Working in such a fast moving payments business means we fully appreciate the amount of work that goes into creating a card programme. However, we understand that it is very easy to forget the incredible amount of information that is packed into a single payment card. Whether you want your user to take money out at an ATM, purchase something in a store, on the phone or using an e-commerce website, knowing what makes up a payment card can be crucial.
Front of the card
EMV stands for Europay, Mastercard and Visa. This computer chip creates a unique transaction code for each purchase you make.
The BIN (Bank Identification Number) relates to the first 4/6 numbers of a payment card and identifies the card issuer (bank or financial institution), the scheme acceptance network (Mastercard, Union Pay, Visa etc.) and the type of card (whether it is credit, debit or prepaid). It is an important element for the identification of transactions with merchants.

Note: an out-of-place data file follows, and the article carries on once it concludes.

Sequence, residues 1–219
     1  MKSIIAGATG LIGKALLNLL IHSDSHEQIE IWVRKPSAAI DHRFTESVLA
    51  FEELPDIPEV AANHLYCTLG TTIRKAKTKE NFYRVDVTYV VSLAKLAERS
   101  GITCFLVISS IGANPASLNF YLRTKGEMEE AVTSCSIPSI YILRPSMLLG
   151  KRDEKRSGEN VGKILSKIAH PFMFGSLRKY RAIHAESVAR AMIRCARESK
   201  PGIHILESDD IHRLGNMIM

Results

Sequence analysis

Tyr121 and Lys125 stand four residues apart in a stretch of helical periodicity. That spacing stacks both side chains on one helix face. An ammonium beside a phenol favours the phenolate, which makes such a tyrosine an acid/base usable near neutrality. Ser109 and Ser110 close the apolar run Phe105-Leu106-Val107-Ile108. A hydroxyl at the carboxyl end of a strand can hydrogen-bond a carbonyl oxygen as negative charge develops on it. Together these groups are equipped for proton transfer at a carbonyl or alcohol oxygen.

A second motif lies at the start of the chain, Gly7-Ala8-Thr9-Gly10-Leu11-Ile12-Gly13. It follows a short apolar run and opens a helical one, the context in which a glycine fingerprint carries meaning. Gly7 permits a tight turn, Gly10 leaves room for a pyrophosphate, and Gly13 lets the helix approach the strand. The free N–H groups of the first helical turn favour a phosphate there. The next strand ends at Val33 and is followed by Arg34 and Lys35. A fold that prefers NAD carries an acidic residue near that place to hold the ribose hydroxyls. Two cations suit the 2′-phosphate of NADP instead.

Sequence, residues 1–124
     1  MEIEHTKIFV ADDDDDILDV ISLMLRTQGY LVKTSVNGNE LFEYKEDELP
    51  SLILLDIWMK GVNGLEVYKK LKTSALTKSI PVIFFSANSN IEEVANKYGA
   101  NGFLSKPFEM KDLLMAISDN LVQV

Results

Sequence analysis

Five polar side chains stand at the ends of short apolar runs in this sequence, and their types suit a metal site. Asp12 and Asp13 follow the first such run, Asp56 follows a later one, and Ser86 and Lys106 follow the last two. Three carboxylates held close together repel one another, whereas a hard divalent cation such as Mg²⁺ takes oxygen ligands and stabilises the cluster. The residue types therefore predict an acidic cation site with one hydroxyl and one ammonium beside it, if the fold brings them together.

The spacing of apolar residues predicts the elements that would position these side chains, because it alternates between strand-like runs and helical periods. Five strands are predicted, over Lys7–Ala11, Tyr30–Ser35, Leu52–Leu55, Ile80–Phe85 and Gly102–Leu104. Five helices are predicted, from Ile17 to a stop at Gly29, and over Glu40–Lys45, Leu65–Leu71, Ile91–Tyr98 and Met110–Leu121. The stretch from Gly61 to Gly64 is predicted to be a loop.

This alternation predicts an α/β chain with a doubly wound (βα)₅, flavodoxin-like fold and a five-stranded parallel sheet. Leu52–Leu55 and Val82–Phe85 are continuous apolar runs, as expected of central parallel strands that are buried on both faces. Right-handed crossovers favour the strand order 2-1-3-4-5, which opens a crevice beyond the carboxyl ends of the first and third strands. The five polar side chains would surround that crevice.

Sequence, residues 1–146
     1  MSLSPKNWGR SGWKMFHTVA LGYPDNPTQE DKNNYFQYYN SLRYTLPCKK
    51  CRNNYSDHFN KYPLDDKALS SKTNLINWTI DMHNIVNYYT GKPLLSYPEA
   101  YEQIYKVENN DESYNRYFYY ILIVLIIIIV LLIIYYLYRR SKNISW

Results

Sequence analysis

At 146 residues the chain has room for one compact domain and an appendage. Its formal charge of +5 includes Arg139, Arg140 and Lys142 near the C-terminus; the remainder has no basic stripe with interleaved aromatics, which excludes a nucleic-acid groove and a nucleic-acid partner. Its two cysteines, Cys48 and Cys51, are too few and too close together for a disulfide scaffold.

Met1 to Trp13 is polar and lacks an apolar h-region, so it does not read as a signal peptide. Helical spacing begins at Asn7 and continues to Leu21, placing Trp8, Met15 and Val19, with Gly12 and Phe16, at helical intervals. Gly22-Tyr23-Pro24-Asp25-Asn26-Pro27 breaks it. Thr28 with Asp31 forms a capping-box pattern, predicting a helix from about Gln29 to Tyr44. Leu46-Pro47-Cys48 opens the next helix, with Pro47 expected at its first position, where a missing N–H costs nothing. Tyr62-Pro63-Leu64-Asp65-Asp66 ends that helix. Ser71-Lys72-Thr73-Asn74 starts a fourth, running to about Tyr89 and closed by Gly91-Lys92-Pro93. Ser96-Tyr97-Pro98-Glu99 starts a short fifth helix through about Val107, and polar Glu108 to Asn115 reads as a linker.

The BIN Sponsor empowers the programme manager to take control of their programmes such as eWallet accounts, prepaid cards or debit cards without the need for an individual e-money license or direct scheme membership.
The long number across the middle is the permanent account number or PAN. The number identifies the institution that issued the card and the cardholder.
Name of the account holder.
This appears as ‘end’ on some cards. Your card will expire on the last day of the month shown.
Card networks (also known as schemes) control transactions between credit card issuers and merchants. UK card schemes include Mastercard, American Express, Visa and Maestro. If a merchant displays this logo, you’ll be able to use your card there.
There is also a contactless symbol on the front of many cards, which means that cards with this symbol are set up for contactless payments. You can use them to make payments of up to £45 without punching in your PIN.
Back of the card
The CVV/CVC code (Card Verification Value/Code) is located on the back of your credit/debit card on the right side of the white signature strip.